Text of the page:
Victorious Elina Svitolina wears black ribbon for Ukraine at Wimbledon

Svitolina reached the semi-finals at Wimbledon last year
Svitolina reached the semi-finals at Wimbledon last yearReuters
Elina Svitolina (29) powered into the Wimbledon quarter-finals on Monday but the result was secondary for the tearful Ukrainian whose thoughts were with her homeland after a Russian airstrike on a children's hospital in Kyiv.

Shortly after setting up a showdown with 2022 champion Elena Rybakina with her 6-2, 6-1 victory over China's Wang Xinyu, Svitolina burst into tears in her on-court interview.

"It's a difficult day for Ukrainian people," said Svitolina, before breaking down.

The Odesa-born player told reporters that she had wanted to stay in her room and deal with her emotions.

"When you have these sad days where you don't want to do anything, it was this kind of day for me," Svitolina said.

"It's difficult really to explain, I guess, because for us Ukrainians, it's very close to our heart and a very sensitive topic, very sensitive emotions that we feel every single day.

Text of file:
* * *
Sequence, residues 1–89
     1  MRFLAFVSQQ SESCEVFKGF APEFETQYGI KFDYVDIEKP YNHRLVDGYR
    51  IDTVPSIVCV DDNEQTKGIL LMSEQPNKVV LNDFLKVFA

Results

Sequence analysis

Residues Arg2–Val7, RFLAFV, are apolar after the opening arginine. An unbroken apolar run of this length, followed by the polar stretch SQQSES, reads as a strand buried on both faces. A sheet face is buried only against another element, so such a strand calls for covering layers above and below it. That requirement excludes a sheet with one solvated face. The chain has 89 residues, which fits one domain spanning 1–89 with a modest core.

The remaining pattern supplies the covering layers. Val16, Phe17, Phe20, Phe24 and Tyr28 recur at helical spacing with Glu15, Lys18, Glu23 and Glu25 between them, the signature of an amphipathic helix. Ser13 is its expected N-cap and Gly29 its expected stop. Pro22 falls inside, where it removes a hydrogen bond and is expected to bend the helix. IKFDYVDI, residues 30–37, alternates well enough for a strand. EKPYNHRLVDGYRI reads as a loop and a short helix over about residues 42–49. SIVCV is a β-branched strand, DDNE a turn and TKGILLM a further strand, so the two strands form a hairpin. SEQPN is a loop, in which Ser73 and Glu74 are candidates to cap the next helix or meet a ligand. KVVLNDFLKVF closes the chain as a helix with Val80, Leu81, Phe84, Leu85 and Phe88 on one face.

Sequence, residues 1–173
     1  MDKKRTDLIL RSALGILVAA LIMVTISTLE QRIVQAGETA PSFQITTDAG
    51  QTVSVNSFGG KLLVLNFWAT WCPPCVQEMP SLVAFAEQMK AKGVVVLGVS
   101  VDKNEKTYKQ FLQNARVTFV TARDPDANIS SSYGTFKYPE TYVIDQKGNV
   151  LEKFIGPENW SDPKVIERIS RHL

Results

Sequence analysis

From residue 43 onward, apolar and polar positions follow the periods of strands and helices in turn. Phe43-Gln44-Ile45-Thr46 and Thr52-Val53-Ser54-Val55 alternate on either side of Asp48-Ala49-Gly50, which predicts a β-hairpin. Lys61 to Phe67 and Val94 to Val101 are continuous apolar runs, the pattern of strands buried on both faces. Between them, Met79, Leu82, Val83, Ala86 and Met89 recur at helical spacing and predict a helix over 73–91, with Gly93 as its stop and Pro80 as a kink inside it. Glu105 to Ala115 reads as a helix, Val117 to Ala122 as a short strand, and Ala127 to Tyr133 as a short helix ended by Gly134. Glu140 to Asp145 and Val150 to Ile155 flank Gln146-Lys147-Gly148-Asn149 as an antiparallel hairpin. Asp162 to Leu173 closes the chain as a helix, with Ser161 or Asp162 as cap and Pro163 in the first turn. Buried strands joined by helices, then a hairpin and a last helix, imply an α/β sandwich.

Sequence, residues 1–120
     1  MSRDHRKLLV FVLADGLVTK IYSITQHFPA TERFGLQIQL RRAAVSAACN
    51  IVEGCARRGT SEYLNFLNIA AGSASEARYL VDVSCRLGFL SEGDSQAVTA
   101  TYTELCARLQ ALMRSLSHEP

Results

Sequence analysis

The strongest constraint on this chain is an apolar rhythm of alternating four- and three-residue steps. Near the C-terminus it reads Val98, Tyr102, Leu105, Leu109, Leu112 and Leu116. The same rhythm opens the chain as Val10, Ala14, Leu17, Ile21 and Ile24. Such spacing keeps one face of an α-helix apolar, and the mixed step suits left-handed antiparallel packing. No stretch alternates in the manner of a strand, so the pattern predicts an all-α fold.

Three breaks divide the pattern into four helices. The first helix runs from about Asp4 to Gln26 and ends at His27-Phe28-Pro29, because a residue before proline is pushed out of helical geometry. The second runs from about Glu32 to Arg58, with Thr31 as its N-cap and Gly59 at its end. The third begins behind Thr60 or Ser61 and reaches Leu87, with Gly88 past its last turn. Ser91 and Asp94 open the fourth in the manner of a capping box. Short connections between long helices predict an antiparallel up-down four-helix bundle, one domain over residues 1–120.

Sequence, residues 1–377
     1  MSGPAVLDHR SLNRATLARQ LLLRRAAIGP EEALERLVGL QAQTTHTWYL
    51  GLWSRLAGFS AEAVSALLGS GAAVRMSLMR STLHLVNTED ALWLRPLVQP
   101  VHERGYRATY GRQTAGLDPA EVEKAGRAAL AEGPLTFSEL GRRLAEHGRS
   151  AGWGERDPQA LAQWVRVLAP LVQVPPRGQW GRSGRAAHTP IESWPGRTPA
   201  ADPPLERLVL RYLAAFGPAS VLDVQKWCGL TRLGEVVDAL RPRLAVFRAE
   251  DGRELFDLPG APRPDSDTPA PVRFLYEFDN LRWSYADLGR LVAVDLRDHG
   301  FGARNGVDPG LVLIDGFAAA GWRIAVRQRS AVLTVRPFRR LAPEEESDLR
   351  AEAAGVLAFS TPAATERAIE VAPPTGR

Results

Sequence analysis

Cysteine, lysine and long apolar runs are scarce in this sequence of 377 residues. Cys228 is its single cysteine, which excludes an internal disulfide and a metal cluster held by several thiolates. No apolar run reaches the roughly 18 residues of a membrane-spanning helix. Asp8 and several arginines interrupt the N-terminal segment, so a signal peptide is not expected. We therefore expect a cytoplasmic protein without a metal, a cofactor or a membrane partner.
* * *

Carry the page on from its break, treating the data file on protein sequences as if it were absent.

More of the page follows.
"But today was one of the days where it was even more difficult because the missile landed on the kids' hospital. Straightaway you see images and everything that happened."

Russia hit the children's hospital with a missile in broad daylight and rained missiles down on other cities across Ukraine, killing at least 36 civilians in the deadliest wave of air strikes for months.

The Russian Defence Ministry said its forces had carried out strikes on defence industry targets and aviation bases in Ukraine. Moscow has repeatedly denied targeting civilians and civilian infrastructure.

Svitolina, the 21st seed, who last year matched her best run at the grass-court Grand Slam by reaching the semi-finals, wore a black ribbon on her white top on Monday.

"It's been approved by Wimbledon today," said Svitolina, who still has family in Ukraine. "I feel it would be understandable after such a big attack on my country."

Svitolina said she was motivated to do well and raise awareness about the war.

"I'm playing such an amazing event ... I have to think about how I can use that in a way for Ukrainian people," she said.

"My win today, it was a small light that brought a happy moment for Ukrainian people. I got so many messages. The people are thankful for my performance.

"It brings me a lot of, let's say, joy in a way on this sad day."

Wimbledon last year lifted a ban on Russian and Belarusian players, allowing them to participate as "neutral" athletes in a climbdown from the stance it took in 2022, after the invasion.

Svitolina said she would prefer things to go back to how they were at the grass-court Grand Slam two years ago.

"For now, I want to raise awareness, raise funds for people in need and raise support for kids through my foundation," she said


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